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I’m Almost 40 And You Have Permission To Kill Me

“If any of you ever hear me start to say ‘you know, that is a good point’ when any of the following opinions are expressed, you may take me to Antarctica, find an iceberg, and set me adrift to never be heard from again.”

Demetri Ravanos



Welcome to August 2021, everybody! This is the month that I turn 40. I remember a time when 40 seemed to be so far away. 40-year-olds seemed so experienced and wise.

If you are reading this on the day that it drops, I’m exactly three weeks from the milestone and I am pretty confident that I am still a moron. Like, I remember when my mom turned 40. She was so upset about being old and flipped out when I made an “over the hill joke.”

Over The Hill Grim Reaper "I Am Here for the Cake" Foil Balloon -
This is the actual balloon I gave my mom on her 40th birthday and it made her cry. To this day, I maintain that this balloon is hilarious.

As I sit here, with the Big 4-0 very much in the crosshairs, I couldn’t feel more different. Maybe that is the privilege of being a man in a society where women are given unspoken expiration dates, but right now, August 23, 2021 feels like it will just be another day to me.

Still, it is hard to deny that I am indeed getting older. Are there more yesterdays for me than tomorrow? I mean, probably if you assholes don’t stop being selfish shitheads and just go get vaccinated. But also, maybe not. All I know is I have found myself more interested in Shark Week in recent years and my arm hurts for two days after I throw any ball any distance.

Recently, I was talking to a colleague that is as close to 30 as I am to 40. He said to me, without a hint of irony in his voice, that as he was getting older, he found that he started to agree with more traditional sports talking points. I asked him to give me an example and he told me that college athletes getting thousands of dollars for name, image, and likeness deals was making college football less fun for him.

I told the guy that he was an idiot. That opinion is not traditional. It is just stupid and wrong.

In that moment I made a decision. Here are seven “traditional” sports talking points that I hope I never agree with. If any of you ever hear me start to say “you know, that is a good point” when any of the following opinions are expressed, you may take me to Antarctica, find an iceberg, and set me adrift to never be heard from again.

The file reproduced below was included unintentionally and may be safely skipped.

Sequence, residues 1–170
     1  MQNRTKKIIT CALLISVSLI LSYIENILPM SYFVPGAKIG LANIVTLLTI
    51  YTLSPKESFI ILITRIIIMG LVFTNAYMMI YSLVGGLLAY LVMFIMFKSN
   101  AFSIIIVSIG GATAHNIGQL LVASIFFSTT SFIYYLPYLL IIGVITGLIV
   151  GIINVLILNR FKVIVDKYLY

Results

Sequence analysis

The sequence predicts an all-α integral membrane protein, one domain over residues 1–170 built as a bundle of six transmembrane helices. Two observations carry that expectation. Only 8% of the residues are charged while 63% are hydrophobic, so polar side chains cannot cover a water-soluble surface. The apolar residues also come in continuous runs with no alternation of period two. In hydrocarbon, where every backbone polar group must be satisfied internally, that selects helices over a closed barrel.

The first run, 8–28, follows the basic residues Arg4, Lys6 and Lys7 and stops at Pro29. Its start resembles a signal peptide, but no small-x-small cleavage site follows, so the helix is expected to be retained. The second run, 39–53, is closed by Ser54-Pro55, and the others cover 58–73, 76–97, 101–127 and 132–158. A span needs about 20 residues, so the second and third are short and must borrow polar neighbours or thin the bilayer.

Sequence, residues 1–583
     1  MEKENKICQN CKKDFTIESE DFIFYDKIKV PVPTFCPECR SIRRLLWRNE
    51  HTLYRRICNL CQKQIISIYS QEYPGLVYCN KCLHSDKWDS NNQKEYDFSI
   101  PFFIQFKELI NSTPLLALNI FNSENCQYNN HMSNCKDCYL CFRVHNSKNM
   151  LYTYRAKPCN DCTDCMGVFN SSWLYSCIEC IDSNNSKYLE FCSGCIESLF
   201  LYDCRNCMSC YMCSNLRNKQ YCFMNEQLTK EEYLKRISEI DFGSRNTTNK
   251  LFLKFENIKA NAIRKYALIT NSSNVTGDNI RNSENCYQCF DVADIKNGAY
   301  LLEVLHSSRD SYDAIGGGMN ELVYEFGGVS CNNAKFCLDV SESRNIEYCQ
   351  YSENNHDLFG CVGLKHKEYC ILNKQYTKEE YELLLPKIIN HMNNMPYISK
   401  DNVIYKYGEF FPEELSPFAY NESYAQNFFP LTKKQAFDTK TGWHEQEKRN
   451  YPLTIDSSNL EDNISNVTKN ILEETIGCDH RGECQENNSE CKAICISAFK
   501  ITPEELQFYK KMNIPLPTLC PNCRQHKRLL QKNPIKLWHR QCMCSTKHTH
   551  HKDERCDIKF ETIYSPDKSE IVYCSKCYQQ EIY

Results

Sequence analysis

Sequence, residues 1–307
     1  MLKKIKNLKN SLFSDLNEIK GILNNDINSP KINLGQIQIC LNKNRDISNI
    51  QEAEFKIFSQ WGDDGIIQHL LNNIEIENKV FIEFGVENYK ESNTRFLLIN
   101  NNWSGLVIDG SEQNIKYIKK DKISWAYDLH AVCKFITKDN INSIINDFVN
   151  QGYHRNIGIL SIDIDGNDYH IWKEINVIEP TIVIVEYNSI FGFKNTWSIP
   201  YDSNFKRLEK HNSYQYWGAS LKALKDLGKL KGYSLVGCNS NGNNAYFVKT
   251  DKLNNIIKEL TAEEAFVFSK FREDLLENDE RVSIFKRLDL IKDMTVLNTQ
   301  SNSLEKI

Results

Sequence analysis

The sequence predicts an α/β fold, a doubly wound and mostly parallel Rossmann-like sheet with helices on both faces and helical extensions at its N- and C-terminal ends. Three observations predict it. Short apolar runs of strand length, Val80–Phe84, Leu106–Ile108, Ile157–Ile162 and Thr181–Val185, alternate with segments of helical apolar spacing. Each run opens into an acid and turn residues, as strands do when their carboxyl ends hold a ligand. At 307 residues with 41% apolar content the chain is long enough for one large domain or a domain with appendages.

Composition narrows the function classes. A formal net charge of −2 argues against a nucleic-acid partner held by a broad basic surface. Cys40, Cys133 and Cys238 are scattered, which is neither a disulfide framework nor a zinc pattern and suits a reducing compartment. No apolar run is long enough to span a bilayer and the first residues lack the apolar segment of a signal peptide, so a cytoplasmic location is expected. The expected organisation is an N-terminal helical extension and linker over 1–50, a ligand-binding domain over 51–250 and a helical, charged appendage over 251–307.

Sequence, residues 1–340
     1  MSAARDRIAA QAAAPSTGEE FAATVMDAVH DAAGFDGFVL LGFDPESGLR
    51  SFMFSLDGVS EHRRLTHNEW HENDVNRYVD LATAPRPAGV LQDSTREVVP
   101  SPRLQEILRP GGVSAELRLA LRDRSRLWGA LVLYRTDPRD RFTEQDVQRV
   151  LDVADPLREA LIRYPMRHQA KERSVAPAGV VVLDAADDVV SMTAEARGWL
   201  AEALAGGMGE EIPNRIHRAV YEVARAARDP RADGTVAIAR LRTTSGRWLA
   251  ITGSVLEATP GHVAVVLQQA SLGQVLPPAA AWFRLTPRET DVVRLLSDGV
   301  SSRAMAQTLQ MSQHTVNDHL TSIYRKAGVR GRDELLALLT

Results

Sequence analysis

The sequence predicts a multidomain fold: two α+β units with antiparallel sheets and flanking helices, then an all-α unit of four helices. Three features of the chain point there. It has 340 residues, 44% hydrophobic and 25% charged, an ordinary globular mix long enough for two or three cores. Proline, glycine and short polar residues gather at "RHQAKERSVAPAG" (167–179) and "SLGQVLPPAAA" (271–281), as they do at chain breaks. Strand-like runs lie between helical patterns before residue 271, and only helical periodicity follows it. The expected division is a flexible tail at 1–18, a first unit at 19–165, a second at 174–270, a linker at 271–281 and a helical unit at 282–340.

The offer was made on a blog, so it is legally binding.


The guy putting his body on the line so others can have success is always the one to side with. Also, if it isn’t your money, don’t be a bootlicker. The one in power is always wrong.


Man, wouldn’t it be cool if the world were Little League? Do you think that anyone ever said to themselves “man, I really want to spend my 20s in Indianapolis”? Is there anyone on Earth that has ever longed to spend the coldest, most miserable months of the year in New England? No! The name Manning was more important than the name Colts and the names Brady and Belichick are more important than the name Patriots. Welcome to the real world, where people make decisions based on what or who best helps them accomplish their goals.


This is a very old argument with very old evidence to prove that it is wrong. Every time a new billion dollar television contract is signed, remind yourself of how many people you know that got their careers started because of a family connection or that have a degree that has nothing to do with their current occupation. I loved my time in college. I will always advocate for college, but there is no college education that could ever make me think people like Joe Burrow or Justin Fields got compensated fairly when people who never took a single hit make fortunes off of SEC and Big Ten television contracts.


Do I want the USA to do well? Of course I do. Would a gold medal make me happier than a Celtics title? No. If Jayson Tatum insists on being a part of Team USA, then I insist he half ass it.


Look, I am not saying I want a lecture about the shortcomings of capitalism every time I turn on a football game, but the idea that these worlds were mutually exclusive until Colin Kaepernick came along could not be further from the truth. Also, politicians will not shut the hell up about sports. What is the most iconic crossover of sports and politics in the United States? It’s the championship White House invitation, right? You know why that started? Because Andrew Johnson, who was WILDLY unpopular in 1865, wanted to show the country that he was just a regular guy that liked baseball. Politics is inherently toxic, and so the people that exist in that world want to tie themselves to literally anything else.